DC SALUTES THE BICENTENNIAL
Karate Kid #3
Sorry, wrong Karate Kid 3 …
there, that’s better …
Published bi-monthly, thirty cents, August
Cover artist: Mike Grell
Editor: Joe Orlando
Karate Kid ran for 15 issues from March 1976 until July 1978 – cancelled during the DC Implosion. It was one of my favorite comics at the time – I collected every issue beginning with #4 – the issue after its Bicentennial one.
The comic was released near the tail end of the Kung Fu craze that started in 1973 and 1974. While everybody else was kung fu fighting with kicks as fast as lightning, Marvel released Hands of Shang Chi Master of Kung Fu, Giant Size Master of Kung Fu,and Iron Fist as well as the magazine Deadly Hands of Kung Fu. By May 1975 DC entered the fray with Richard Dragon, Kung Fu Fighter. As with Marvel’s Hands of Shang Chi …, Dragon (at the time) skirted the superhero world. Karate Kid, along with Iron Fist, fully embraced it.
This is because Karate Kid was, in fact, a superhero. He was a member of the Legion of Superheroes in the (then) 30th century. Val Armorr was the master of every martial art and first appeared in Adventure Comics #346 (July 1966). He was created by Jim Shooter.
To apparently make him more palatable to comic book readers, Val was whisked to the twentieth century where, if he proved his worth to the father of his lady friend and fellow Legionnaire Princess Projectra, said father would give Karate Kid his daughter’s hand in marriage. I suppose going toe-to-toe with the Fatal Five and Mordru wasn’t enough…
In the twentieth century, he would meet Robin and fight established DC baddies the Lord of Time and Major Disaster. In a wonderful twist, in his last issues his time traveling machine accidentally took him in the past to battle Superboy and the pre-Karate Kid Legion and in the last issue into an alternative future to meet Kamandi, a great two-parter concluding in Kamandi; by now continuing stories was the norm at DC, but doing it across more than one magazine was still rare.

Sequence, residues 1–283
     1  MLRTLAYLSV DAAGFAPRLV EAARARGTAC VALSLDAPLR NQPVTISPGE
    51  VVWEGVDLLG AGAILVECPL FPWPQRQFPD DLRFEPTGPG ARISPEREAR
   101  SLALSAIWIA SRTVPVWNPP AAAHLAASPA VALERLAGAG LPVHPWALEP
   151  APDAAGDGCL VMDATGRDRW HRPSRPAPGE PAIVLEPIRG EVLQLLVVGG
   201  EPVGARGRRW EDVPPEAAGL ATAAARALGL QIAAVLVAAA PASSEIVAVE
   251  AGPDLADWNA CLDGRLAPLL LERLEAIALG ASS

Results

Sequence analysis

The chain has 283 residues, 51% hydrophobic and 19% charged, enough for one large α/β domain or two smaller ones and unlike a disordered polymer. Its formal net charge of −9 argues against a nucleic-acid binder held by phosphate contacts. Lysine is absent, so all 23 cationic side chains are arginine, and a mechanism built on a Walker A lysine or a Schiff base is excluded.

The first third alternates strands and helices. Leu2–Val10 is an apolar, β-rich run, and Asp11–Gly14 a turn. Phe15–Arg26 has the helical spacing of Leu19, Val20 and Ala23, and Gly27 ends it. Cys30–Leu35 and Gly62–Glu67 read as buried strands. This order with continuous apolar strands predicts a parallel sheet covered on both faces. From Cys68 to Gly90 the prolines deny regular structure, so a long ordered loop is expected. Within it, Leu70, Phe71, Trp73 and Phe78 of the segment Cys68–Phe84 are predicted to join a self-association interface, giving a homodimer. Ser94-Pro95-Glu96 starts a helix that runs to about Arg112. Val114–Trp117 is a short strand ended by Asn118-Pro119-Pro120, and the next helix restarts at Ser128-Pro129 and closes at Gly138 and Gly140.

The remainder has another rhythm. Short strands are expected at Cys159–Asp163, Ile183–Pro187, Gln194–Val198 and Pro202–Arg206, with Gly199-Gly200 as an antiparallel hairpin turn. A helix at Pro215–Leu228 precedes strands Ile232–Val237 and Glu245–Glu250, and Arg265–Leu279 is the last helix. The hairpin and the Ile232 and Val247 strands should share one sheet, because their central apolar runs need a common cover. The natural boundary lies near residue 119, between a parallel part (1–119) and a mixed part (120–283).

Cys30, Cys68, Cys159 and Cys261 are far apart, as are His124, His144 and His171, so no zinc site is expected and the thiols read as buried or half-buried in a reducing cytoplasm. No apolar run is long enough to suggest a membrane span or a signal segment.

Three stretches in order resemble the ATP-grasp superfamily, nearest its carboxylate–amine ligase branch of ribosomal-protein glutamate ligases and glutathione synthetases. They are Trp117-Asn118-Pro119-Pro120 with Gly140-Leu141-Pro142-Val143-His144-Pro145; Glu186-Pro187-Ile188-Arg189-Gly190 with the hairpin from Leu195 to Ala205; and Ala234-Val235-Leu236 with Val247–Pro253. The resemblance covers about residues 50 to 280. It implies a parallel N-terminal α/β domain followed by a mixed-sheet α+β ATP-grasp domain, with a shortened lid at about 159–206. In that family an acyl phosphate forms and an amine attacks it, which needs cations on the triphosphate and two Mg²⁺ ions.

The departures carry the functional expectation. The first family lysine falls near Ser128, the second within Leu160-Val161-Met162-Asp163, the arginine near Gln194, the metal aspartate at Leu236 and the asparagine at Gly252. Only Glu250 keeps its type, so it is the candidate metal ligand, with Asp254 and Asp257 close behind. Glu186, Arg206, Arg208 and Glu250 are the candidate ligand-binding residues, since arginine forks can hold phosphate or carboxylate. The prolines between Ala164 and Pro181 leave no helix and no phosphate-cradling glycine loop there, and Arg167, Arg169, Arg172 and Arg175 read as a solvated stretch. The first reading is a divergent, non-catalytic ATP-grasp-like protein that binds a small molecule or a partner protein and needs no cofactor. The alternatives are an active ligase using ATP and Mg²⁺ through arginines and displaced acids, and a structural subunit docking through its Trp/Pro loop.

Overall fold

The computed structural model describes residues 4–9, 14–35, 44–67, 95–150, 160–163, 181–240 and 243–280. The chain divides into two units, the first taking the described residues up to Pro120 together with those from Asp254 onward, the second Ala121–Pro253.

“The Revenger” Barry Jameson ( w ), Ric Estrada & Joe Staton (a).
Dr. Norman Grimes found work at Universal Concepts, where he could tend his pigeons on the company roof and develop his super-hard metal that would make permanent homes and eliminate slums.
Universal Concepts’ three board of directors had other ideas – they wanted to use his metal to make weapons. Dr. Grimes goes bonkers! Oh, he will use his metal to make weapons and armor all right, but use them to become … the Revenger. He goes after the three board members.
The first is a bank president. Unfortunately, Karate Kid happens to be at the bank making a deposit from a reward given to him for defeating Major Disaster! KK is knocked out by the Revenger, who kills the first board member.
The second board member is a jeweler. Karate Kid is distracted stopping looters and is too late to save his death at the Revenger’s hands.
The Revenger enters the office of the third board member. Karate Kid is waiting for him, as connecting the two other victims was fairly easy. Karate Kid follows the Revenger to Universal Concepts’ roof. As they battle, the Revenger accidentally knocks down the company billboard and is killed saving his only friends – the pigeons trapped in their cages under the falling billboard.
Karate Comments (letter column for issue #1). The editor said they received 80 letters on the debut issue and 80% of them were positive – letters by Scott Gibson of Evergreen , CO and Bob Rodi of Columbia, MO (both positive).
Join me next time for DC’s Bicentennial issue #17: All Star Comics #61
Original Material copyright 2015 Michael Curry
Images used are copyright their respective holders and reproduced here under the “Fair Use” doctrine of 17 USC 106 & 106a for the purposes of criticism and comment.